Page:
Joe Heim Journalist covering a variety of topics, including race, white nationalism, schools, student culture, Native American issues, Dec. 7 at 7 am. CHARLOTTESVILLE – There is no doubt that James A. Fields Jr. drove his two-door car into a crowd of people in the city's downtown area 15 months ago. And there is no doubt that one person was killed and three dozen others were injured in this bloody collision. A jury of seven women and five men, scheduled to begin its proceedings on Friday morning, will decide whether Fields, 21, is guilty of first degree murder or other crimes. Prosecutors argue that the self-proclaimed neo-Nazi acted maliciously and angrily when he went to that city to attend the "Unite the Right" rally in August 2017 and crashed into a crowd of counter-promoters. The defense states that he felt threatened and was trying to defend himself. The violent accident killed Heather Heyer, 32, and haunted this quiet college town. His death on August 12, 2017 – and the bloody violence that preceded it – has always linked Charlottesville to the emergence of white supremacists emerging from the shadows during the first months of Donald Trump's presidency. On that day, the rally participants clashed violently with counter-partners who opposed their presence in that city. [A day of rage, hate and violence and death in Charlottesville] Prosecutors have depicted Fields, who appeared in court Thursday in a dark blue sweater, as a rabid man who adopted the racist ideology of Adolf Hitler. Shortly before 2:00 pm That day, he saw counter-partners, some of whom wearing the Black Lives Matter badge, parading on 4th Street in the downtown pedestrian street of this city – and found an opportunity to act according to his fury, said Thursday Nina-Alice Antony, Principal Attorney of the Commonwealth,.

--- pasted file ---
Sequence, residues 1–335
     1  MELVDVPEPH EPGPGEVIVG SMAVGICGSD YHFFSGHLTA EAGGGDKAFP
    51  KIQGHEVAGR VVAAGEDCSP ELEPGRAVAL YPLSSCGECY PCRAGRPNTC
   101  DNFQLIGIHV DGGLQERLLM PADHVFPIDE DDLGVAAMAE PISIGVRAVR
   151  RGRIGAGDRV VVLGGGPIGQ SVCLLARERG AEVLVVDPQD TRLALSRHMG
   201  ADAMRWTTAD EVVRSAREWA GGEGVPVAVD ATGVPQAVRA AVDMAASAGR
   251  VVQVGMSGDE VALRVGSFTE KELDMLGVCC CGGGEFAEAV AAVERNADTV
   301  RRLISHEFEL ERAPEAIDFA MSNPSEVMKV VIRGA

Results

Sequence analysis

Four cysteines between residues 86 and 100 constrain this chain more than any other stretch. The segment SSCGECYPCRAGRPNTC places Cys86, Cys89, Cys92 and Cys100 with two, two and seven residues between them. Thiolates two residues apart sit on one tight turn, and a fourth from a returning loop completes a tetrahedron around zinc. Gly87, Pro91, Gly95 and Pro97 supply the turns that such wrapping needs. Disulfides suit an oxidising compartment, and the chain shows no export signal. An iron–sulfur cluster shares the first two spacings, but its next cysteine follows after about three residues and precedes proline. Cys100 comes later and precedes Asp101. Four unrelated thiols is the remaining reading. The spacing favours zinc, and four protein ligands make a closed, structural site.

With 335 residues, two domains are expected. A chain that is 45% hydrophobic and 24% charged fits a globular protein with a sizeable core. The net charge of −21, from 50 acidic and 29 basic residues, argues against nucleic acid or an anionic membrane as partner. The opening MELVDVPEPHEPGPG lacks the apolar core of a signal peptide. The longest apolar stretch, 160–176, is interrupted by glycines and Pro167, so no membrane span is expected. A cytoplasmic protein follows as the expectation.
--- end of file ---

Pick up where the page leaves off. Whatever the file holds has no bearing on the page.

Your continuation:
James A. Fields Jr. (Albemarle-Charlottesville Regional Jail / AP) While counterpart partners were celebrating, kissing and singing, someone was off, "idling, watching" and " this person was hurting them, "Antony told the jury. Antony stated that there was no evidence to prove that Fields had been threatened before it crashed into the crowd. In closing argument, defense lawyer Denise Lunsford asked the jurors to take into account the behavior of Fields before and after the accident. Rallies who met him earlier this afternoon testified that he seemed calm and normal. And after the accident, while he was being arrested, Fields apologized, according to footage of a camera on the body released in court this week . "He was not angry," Lunsford said. "He was scared." In addition to a charge of first degree murder, Fields faces five counts of serious and malicious injuries and three counts of malicious injuries involving eight of the 35 wounded, and a non-arrest leader at the scene of a fatal accident. In the absence of a conviction for first degree murder, which requires an intent to kill, a jury could find Mr. Fields guilty of second degree murder, punishable by a sentence that could go up to 40 years in prison. The lawsuit began last week at the Charlottesville Circuit Court, just steps from where Heyer was killed on a street now called Heather Heyer Way. A fortune memorial consisting of flowers and posters bearing his name is still on the narrow one-way road. .